Vail red white & brew: ‘God gets behind Belgian beers’ |

Vail red white & brew: ‘God gets behind Belgian beers’

Vail Daily staff reportsnewsroom@vaildaily.comVail, CO Colorado

VAIL VALLEY, Colorado -Belgian beers are God’s gift to mankind. Patient, flavorful, blessed beer styles have been floating out of Belgium since the Middle Ages, thanks almost entirely to the obviously anointed Trappist monks, bound by the Rule of St. Benedict to “live by the work of their hands.” Apparently these monks have found a way around part of the normal monk practice of asceticism, which involves abstinence from some of God’s greatest boons, including sexual activity and alcohol. Thank God they did.Apart from the ubiquitous Belgian wit (Coors’ Blue Moon, New Belgium’s Mothership), Belgian beer styles are overlooked by many American craft breweries, which perhaps lack the spiritual acumen to produce such angelic brews. Denver’s Great Divide, however, has dipped its fingertips into the Belgian holy water, and it makes several beers you won’t find at other breweries – Belgica, a Belgian-style IPA; Saison, a Belgian “farmhouse ale”; and a Double Wit, whose description politely asks the drinker NOT to add fruit to the brew. Now the brewery has taken a shot at a Belgian-style “Tripel” ale — traditionally a type of blond “pale ale” but with a fruity complexity completely untouched by American-style pale ales.Great Divide’s Tripel weighs in at 9.3 percent alcohol – deceptively high given this beer’s medium body and divine drinkability. The high alcohol content is appropriate for the style, however, as legend has it that the word “tripel” referred to the number of marks used on Trappist beer barrels to indicate strength – one mark indicating the weakest beer, three indicating the strongest.I’ve never had a Belgian-style beer I didn’t like, and Great Divide’s beautiful, straw-colored Tripel is no exception. Fruity, sweet-bread flavors coat the tongue and strengthen the spirit, especially when served up around 45 degrees. New Belgium’s Trippel (different spelling, same idea) has a bit more flavor in my opinion, but Great Divide’s version has more of the lovely warming character imparted by a higher alcohol content with no other trace of having a higher alcohol content. Grab a few of these seasonal Great Divide bombers while they’re in stock, and see why God gets behind Belgian beers.You can find this beer at Eagle Ranch Wine & Spirits.Aaron Butzen, Daily staff writer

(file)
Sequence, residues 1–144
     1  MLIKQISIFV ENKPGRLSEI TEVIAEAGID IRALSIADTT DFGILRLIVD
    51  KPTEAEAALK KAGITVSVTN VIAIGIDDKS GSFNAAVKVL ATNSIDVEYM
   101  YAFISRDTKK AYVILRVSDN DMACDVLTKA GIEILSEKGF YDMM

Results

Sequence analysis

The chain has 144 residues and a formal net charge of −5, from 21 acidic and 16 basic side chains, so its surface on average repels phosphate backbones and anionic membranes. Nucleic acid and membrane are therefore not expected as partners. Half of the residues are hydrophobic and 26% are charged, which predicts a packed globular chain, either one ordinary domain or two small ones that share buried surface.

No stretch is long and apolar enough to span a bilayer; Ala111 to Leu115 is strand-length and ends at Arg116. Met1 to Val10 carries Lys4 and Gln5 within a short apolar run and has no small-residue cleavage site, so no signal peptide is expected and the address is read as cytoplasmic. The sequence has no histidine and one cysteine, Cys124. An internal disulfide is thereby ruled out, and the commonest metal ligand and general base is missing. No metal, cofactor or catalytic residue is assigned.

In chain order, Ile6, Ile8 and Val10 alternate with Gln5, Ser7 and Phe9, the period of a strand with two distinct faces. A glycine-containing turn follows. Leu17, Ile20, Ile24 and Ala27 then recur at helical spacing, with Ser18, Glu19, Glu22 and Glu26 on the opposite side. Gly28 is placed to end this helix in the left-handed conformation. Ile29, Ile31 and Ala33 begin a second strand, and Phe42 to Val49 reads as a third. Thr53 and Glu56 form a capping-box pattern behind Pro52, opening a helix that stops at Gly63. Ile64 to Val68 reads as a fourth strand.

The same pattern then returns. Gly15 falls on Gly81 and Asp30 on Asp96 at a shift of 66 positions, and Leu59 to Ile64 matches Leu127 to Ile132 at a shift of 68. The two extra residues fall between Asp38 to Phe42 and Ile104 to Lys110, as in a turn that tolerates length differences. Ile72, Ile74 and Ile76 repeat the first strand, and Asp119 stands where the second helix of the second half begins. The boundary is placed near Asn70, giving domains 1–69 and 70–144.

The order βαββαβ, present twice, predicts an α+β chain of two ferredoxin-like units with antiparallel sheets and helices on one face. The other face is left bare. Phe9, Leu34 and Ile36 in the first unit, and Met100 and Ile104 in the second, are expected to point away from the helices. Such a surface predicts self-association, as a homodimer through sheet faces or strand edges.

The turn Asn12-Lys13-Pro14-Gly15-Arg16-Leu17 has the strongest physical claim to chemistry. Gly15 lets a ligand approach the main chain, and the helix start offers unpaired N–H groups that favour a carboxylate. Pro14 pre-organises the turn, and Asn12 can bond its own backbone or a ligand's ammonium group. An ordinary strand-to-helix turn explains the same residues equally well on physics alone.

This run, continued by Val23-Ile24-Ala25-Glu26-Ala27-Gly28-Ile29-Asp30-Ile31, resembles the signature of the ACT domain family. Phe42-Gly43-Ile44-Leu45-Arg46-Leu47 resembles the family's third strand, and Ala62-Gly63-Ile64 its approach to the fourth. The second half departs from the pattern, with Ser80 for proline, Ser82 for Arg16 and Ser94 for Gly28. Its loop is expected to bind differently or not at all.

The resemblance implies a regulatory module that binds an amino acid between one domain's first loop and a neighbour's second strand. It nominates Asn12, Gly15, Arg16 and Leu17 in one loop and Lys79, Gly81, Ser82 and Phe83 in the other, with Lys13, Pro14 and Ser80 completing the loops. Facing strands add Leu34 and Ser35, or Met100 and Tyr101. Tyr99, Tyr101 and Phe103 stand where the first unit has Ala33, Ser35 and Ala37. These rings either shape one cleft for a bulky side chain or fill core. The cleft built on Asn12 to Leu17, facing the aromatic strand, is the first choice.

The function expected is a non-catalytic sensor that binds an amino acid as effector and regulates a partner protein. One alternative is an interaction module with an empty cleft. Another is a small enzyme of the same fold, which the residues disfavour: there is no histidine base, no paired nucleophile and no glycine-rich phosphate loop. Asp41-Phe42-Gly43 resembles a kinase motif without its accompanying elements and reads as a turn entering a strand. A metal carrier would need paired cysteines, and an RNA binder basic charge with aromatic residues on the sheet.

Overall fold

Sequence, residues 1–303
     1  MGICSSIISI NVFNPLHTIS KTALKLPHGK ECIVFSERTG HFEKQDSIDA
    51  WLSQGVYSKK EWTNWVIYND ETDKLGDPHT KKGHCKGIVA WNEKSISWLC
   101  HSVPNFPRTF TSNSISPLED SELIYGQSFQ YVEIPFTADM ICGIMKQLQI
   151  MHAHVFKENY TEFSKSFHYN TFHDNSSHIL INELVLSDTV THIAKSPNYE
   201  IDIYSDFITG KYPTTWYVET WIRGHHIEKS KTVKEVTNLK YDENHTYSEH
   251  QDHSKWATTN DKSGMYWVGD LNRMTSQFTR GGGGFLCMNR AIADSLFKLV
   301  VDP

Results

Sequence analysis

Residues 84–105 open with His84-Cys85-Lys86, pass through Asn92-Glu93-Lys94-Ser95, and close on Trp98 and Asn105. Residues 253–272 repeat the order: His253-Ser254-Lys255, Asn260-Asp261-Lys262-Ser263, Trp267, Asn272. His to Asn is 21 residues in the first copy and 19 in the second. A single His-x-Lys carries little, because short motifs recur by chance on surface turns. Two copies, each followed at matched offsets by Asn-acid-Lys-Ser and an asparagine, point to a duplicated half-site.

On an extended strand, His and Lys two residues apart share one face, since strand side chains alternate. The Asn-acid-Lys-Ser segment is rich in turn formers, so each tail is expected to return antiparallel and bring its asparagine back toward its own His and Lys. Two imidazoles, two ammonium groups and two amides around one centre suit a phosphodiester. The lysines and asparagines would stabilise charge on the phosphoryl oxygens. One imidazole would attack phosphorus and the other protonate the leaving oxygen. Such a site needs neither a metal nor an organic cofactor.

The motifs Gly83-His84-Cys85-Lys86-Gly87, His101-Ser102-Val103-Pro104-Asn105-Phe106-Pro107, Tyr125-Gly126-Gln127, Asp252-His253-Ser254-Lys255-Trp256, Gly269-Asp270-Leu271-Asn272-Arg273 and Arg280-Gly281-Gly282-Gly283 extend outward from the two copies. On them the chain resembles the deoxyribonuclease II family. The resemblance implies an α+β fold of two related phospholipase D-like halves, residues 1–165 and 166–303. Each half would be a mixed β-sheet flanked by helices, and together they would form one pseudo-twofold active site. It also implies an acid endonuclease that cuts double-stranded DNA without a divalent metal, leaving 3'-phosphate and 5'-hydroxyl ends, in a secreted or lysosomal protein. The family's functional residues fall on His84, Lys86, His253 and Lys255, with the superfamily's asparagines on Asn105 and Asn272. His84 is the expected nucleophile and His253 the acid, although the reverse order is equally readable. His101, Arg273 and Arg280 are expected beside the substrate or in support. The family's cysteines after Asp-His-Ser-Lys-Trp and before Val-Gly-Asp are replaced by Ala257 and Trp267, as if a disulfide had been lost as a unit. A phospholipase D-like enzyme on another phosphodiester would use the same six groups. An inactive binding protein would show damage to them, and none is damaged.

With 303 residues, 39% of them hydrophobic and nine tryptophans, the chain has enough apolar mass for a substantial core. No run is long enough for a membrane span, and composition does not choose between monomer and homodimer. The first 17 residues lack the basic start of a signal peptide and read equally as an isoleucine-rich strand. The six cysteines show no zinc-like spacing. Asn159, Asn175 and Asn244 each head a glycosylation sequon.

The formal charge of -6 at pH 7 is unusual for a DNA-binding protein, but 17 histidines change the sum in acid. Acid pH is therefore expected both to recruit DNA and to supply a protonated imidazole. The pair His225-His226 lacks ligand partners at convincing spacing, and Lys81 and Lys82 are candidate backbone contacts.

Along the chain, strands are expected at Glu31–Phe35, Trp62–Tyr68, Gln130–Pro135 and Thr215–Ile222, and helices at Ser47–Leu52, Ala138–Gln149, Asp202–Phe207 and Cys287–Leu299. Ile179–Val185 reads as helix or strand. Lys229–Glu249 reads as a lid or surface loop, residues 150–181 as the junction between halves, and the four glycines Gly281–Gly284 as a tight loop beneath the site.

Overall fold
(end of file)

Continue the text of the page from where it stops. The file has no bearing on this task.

Give me 10 words or so and that’s plenty of time for me to explain in vivid detail why my wife and I don’t like your white wine. What can I say – we’re red-wine folks, and it takes a special white to make us say anything other than “check, please!”Taking this bottle of Alamos Chardonnay for a test drive during a cul-de-sac barbecue last week wasn’t exactly the perfect situation – after all, pairing a wimpy white against burgers and chicken legs on the grill is like trying to get your chess-club kid to play offensive line on Midview High’s football team.But, all things considered, this Argentine is a taut Chard – relatively fruity and sweet but not at all cloying or sticky as some lesser bottles can be. Even so, one thing I can’t help asking when sampling a far-away bottle is this: Is it better tasting – or a better value – than an American equivalent? In this case, there’s nothing to recommend this Chardonnay against a few dozen excellent, similar wines from California, Washington or Oregon. If you’re at all worried about carbon footprint (and it haunts me night and day), you’d be just as well grabbing a bottle of Clos du Bois or even a Beringer at this price point.All things being equal, though, the Alamos is a bright, fruity Chardonnay that would be a delightful accompaniment to a grilled pork chop or light pasta dish. Just don’t expect it to blow your socks off – and who needs super-robust as we yet cling to summer in the high country?You can find this wine at Avon Liquor, Eagle Ranch Wine & Spirits and West Vail Liquor Mart.Alex Miller, Summit Daily editor

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